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     CE 744 Foundation Engineering
 

Subsurface investigations; design of shallow and deep foundations including piles and drilled shafts to resist combined loadings; design of permanent and temporary retaining structures; and control of groundwater. Although the practice of foundation engineering requires significant knowledge in the areas of structural analysis, concrete and steel design, as well as construction means and methods, this course will focus on the geotechnical aspects of foundation engineering. 3 credit hours.

 
     

Prerequisite
 

CE 342 Engineering Behavior of Soils and Foundations.

 

Course Objectives  

At the end of the semester, the student will be able to: Interpret subsurface information to propose material properties; Select appropriate models and analysis methodologies for a range of foundation engineering problems; Perform the geotechnical engineering (not structural) design functions for: shallow and deep foundations for vertical and lateral loads, retaining walls and basic excavation support systems.

 

Course Requirements  

Homework assignments: Weekly or bi-weekly assignments account for 30% of course grade.

Exams: Midterm exam accounts for 20% and final exam 30% of course grade.

Projects: Two group projects will account for 20% of course grade.

 

Course Outline  
  • Introduction to Foundation Design
  • Bearing capacity of shallow foundations including the influence of inclined loads & moments, layered systems and sloping ground.
  • Shear strength and compressibility of geomaterials
  • Site Characterization
  • Settlement analyses
  • Deep foundation design
  • Laterally loaded piles/shafts
  • Axial Capacity of Piles
  • Pile dynamics / Wave Equation analysis including GRLWEAP
  • Design of pile groups
  • Design of drilled shafts
  • Lateral pressure and retaining wall design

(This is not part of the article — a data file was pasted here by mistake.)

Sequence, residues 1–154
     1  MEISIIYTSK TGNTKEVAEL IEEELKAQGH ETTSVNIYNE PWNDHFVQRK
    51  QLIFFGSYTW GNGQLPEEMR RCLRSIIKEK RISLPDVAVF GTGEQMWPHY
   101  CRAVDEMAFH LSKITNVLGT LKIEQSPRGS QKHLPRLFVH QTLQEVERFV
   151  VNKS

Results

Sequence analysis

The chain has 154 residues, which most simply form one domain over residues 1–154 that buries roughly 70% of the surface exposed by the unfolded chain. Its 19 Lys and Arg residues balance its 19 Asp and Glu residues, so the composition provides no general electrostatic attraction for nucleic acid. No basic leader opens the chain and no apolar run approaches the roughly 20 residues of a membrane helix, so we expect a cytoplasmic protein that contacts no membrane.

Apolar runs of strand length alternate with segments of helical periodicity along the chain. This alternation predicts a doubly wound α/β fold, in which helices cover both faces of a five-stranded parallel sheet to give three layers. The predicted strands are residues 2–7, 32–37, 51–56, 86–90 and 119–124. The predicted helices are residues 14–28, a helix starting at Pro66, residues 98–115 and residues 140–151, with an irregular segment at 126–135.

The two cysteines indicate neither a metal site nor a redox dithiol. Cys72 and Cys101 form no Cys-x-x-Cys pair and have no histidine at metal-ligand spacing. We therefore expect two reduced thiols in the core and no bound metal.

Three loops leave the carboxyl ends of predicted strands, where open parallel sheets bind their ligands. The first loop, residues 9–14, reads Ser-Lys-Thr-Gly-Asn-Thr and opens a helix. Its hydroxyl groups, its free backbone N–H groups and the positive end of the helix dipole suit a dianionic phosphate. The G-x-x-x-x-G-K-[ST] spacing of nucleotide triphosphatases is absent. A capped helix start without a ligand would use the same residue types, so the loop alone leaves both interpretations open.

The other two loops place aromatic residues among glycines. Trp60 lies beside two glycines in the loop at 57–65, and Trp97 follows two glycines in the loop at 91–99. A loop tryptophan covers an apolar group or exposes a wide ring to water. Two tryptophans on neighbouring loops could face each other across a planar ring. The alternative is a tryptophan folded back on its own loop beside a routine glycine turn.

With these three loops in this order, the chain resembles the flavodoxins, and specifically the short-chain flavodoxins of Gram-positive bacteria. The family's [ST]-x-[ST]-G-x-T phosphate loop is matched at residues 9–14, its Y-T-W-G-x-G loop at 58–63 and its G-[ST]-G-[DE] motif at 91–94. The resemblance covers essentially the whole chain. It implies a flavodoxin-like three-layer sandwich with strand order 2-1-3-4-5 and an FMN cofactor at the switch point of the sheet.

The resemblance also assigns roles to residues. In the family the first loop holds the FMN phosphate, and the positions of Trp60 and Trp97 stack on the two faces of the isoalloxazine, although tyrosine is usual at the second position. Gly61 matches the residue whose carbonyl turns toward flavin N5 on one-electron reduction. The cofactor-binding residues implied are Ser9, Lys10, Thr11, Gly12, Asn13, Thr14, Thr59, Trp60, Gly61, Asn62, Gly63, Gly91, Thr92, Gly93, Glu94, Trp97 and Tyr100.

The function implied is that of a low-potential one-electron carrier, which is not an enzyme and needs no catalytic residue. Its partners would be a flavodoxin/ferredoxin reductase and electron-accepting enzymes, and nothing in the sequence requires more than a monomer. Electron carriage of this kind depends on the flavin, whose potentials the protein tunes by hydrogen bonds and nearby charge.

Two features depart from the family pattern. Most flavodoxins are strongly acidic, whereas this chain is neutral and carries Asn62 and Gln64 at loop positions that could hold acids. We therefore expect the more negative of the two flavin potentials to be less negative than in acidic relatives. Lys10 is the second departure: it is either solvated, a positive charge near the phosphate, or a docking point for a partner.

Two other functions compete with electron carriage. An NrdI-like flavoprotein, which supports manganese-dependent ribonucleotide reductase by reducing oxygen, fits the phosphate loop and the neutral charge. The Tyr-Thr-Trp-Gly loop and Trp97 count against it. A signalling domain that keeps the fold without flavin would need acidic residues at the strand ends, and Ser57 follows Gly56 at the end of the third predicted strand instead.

• Excavation support and dewatering

 

Required Textbook  

Foundation Design: Principles and Practices, by Donald P. Coduto, 2001, Prentice Hall. ISBN: 0135897068.

 

References  

A number of technical papers and on-line technical reports will be assigned for supplemental reading.

LTBASE computer code available from instructor.

GRLWEAP is made available as a student version.


Computer and Internet Requirements  

NCSU has recommended minimum specifications for computers that are generally used for courses. Those specifications can be found here: http://www.ncsu.edu/it/compspecs/

Engineering Online recommends that your computer meets or exceeds the following minimum specifications below. A computer with greater capability (processor speed, RAM, internet bandwidth, disk capacity) will be more likely to properly display the video content of Engineering Online courses.

Windows:

  • Microsoft Windows XP, Windows 2003, or Windows Vista
  • Intel-compatible 1 GHz processor
  • 512 MB RAM
  • 60 GB hard drive with 1 GB free space available
  • Video display at 1024 x 768 or greater
  • Sound output and speakers
  • Microsoft Internet Explorer 6.0 SP1 or later, Firefox 2.0 or later, or Google Chrome 1.0
  • Windows Media Player 9.0 or later
  • Real One Player Basic (required for certain courses)
  • Adobe Acrobat Reader
  • Broadband Internet connection (256 Kbps or more)

Mac OS X:

  • Mac OS X 10.4.8 or later
  • G4 processor
  • 512 MB RAM
  • 60 GB hard drive with 1 GB free space available
  • Video display at 1024 x 768 or greater
  • Sound output and speakers
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  • Silverlight  (viewers may be prompted to install this when first viewing a presentation)
  • Real One Player Basic (required for certain courses)
  • Adobe Acrobat Reader
  • Broadband Internet connection (256 Kbps or more)
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Linux:

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  • Adobe Reader for Unix
  • Broadband Internet connection (256 Kbps or more)

 

Instructor  

Dr. Roy. H. Borden, Professor
Civil, Construction, and Environmental Engineering
421 Mann Hall, Campus Box 7908
North Carolina State University
Raleigh, NC 27695-7908

Phone: 919.515.7630
Fax: 919.515.7908
Email: borden@ncsu.edu